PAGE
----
11. yebo!Unjani?Todd and Carolyn, Jon and Kelly,I must admit that i feel a tinge of jealousy as I read of your experiences in Africa so far. More than that however, I relate the things you are seeing to some of the situations I encountered in Guatemala. When you speak of the children of Africa and some of the struggles that they are experiencing my heart cries out in anguish. God’s precious little children – needing love and more and unable to find it. It is amazin g to think that perhaps the Kidz Zone of Riverwood it reaching beyond its own doors and into the world at large. I am excited to see what the response will be from the children of Riverwood. Let them dream of the possibilities!Todd, you are always talking about tearing down the walls of the church…. hum, you have a strange affiliation to tearing down walls! Now more than ever I look at Riverwood and find a home there. It is exciting to dreams of the impact Riverwood is able to have – Glory be to God!As for the giraffe — I think a fitting name for it would be…Esperanzaspanish for hope!I tried to find out how to say hope in Siswati but found that information very difficult to come across!But I believe that Hope is something Riverwood is able to provide in such a tangible way. It is sometimes the smallest things that mean the most! We take for granted the things we have and forget to be thankful to God for the things and opportunities He gives us. We can change that and allow His blessings to flow through us and to provide Hope for the people of Swaziland. I am proud of the four of you and can not wait for you to return so I can hear more of the stories and see the pictures of those wonderful kids!! Wait, usually I recieve these letters… strange… now I am sending them!Feel blessed because God is opening doors in your lives!Salakahle,Giles

  12. Thank you so much for all of your updates. It has been very encouraging to see all that you are doing and experiencing. I can’t wait to hear all about it when you come back!We are all blessed to be apart of a Church where our leaders are demonstrating what Christ meant when he said “love your neighbour” I found a few names that might work for your giraffe:Nia – Purpose – SwahiliTinashe – God is with us – ShonaAmadi – Blessing – IgboChioma – God is good – IgboGod Bless,Rachel

  13. I think that that you should call the giraffe that you bought after the little girl that Auntie Carolyn was holding in her arms. I think that would be a great name for the giraffe because every time you go by it you can think of her and the giraffe would be a constant reminder to pray for her, as she has a special place in your heart. Look forward to seeing you soon, and your stories,- Layla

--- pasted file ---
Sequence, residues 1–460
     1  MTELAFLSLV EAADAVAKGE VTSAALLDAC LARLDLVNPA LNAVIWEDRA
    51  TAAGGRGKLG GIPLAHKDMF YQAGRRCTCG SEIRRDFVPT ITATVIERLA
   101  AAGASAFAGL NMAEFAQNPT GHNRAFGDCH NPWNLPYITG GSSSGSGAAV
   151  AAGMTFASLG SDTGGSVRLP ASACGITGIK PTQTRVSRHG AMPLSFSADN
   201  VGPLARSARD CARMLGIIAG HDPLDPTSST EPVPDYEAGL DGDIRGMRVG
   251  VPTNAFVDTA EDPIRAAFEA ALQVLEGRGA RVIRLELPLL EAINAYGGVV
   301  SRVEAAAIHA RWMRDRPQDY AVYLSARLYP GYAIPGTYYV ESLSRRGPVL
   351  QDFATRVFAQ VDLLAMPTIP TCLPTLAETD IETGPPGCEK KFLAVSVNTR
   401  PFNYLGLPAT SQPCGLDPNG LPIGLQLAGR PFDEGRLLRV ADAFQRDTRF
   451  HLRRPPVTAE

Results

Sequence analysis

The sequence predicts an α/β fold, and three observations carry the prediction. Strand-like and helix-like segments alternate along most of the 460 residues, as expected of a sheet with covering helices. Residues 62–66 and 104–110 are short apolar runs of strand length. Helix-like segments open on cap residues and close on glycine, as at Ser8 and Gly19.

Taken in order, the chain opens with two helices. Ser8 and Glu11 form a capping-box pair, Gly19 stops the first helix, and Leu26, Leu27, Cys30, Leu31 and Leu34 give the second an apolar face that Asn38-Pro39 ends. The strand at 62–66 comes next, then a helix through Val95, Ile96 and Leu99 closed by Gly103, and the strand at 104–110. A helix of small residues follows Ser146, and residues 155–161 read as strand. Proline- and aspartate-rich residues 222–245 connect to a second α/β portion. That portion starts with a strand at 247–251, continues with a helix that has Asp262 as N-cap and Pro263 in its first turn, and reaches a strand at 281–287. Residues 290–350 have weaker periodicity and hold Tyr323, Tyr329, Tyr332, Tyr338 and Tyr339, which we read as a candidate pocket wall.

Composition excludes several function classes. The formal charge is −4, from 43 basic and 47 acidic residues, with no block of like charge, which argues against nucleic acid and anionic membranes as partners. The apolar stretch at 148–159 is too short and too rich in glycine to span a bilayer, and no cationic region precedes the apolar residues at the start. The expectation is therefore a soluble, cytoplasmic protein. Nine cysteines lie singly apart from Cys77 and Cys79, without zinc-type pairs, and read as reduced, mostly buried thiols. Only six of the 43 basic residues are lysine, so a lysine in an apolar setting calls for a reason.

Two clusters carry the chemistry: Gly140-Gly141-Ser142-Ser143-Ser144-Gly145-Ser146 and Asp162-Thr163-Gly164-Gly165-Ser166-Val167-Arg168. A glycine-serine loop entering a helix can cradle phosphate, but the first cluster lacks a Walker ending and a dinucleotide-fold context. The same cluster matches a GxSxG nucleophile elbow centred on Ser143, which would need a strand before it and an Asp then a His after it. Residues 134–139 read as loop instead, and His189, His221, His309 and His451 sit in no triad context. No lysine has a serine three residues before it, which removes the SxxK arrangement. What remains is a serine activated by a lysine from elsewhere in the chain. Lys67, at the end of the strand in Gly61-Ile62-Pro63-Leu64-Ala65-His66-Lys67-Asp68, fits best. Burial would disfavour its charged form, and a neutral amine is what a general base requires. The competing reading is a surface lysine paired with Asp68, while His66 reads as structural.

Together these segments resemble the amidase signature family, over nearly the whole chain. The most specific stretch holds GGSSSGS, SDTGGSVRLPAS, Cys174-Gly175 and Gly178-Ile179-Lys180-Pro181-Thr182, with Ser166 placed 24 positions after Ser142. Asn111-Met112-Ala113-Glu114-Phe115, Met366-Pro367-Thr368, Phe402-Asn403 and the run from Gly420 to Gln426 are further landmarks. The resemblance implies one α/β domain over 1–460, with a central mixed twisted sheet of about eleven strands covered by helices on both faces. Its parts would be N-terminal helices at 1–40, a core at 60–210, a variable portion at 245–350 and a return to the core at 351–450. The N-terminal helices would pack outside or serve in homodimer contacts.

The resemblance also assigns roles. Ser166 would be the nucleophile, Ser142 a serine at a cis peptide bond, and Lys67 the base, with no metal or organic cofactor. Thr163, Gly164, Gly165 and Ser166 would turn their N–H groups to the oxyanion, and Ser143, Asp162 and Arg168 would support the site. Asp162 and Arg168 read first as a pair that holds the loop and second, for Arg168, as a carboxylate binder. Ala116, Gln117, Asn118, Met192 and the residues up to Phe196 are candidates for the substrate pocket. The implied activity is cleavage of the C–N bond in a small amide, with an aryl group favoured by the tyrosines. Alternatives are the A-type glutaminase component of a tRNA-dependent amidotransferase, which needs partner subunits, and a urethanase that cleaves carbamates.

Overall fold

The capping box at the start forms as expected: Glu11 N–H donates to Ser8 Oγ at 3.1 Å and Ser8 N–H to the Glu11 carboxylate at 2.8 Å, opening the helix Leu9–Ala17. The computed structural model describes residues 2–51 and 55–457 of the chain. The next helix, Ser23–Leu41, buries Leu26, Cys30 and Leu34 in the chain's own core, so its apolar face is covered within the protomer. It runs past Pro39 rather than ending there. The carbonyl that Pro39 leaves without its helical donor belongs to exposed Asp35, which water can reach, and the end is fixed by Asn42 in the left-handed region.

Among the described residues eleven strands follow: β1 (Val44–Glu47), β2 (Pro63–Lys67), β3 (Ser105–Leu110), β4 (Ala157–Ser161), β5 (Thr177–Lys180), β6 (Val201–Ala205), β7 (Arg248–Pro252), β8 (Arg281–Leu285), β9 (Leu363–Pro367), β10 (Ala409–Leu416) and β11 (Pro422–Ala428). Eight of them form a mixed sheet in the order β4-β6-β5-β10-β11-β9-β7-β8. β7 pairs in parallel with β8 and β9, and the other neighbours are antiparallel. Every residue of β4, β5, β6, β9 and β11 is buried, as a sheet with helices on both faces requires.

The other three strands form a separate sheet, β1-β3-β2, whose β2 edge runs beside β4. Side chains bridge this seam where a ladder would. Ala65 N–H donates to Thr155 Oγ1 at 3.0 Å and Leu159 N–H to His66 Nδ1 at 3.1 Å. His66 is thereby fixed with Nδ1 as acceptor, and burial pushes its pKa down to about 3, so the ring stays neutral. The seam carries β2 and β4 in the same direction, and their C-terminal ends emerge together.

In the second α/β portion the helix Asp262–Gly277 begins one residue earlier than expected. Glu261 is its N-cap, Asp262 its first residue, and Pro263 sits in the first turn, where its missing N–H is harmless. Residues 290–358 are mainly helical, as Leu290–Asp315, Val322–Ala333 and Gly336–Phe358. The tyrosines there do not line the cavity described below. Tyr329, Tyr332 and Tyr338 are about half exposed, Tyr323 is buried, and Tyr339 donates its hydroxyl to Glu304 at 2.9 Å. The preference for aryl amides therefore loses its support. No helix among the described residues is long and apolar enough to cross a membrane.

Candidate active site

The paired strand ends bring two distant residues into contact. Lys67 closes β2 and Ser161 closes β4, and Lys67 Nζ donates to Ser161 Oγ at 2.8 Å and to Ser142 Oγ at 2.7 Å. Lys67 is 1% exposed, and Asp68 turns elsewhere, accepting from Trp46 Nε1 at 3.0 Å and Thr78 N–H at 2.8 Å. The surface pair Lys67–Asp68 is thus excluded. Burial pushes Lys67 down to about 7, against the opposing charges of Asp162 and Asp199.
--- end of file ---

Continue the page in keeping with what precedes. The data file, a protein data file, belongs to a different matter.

14. Every day I look forward to checking your blog. I am so excited to learn about the care point you have chosen! The photos and the stories and the facts are so moving, and I love knowing that our church can make a difference in so many people’s lives. I pray that God’s love would come through loud and clear in every dollar, item, gesture, word, and hug.

  15. Good Morning! It must be about 6-am there. I’m finding myself praying for you and the people that you will come in contact with on your last days. My heart is feeling heavily burdened, am I’m not even there. I can only imagine what you are feeling as your time there draws to a close.In regards to a name for your giraffe Todd, MANYARA seems to be appropriate. It means “you have been humbled” in Shona. We will be praying for safe travels home.Love you guys,Lisa

  16. I am truly touched by all of this info and extremely overwhelmed! I think this may be a turning point in my life, I am not sure…but, I will be in awe when I get the chance to hear more from you C&T. Dad & Mom send their love and pray for you everyday, they are on the countdown for your return.As for the giraffe’s name? I think she should be called Humble, that’s what I’ll be every time I see her, she will remind me….I have nothing I should complain about!Hugs to allClaudia

  17. I typed out a prayer for you on here yesterday that blogger somehow lost…and I was extremely upset about that.God quickly righted my thinking and asked me if that prayer would be any less effective.Oops, I had to answer “no”.Whether you heard/read/saw those words or not will not determine when and how he chooses to answer my requests for you and for Riverwood.I found a phrase on an “african” site, and have no idea what dialect it would be from but I like:Wenda Banga Tevia. “Go build a fire”We could call her Wendy for short.Go build a fire Riverwood leaders…build a fire of hope…build a fire of love…Safe travels!V.

  18. I’ve loved checking up on all the updates you guys have sent so we can experience a little bit of what you all have seen. I love the picture of the child (I think it’s a girl) wearing glasses. It’s so cute!I had a few suggestions for the giraffe’s name:Juji is an african name for “heap of love” which is I’m sure what you all experienced. Kia is also african and means “season’s beginning” which is symbolic of what has been started by setting up this care point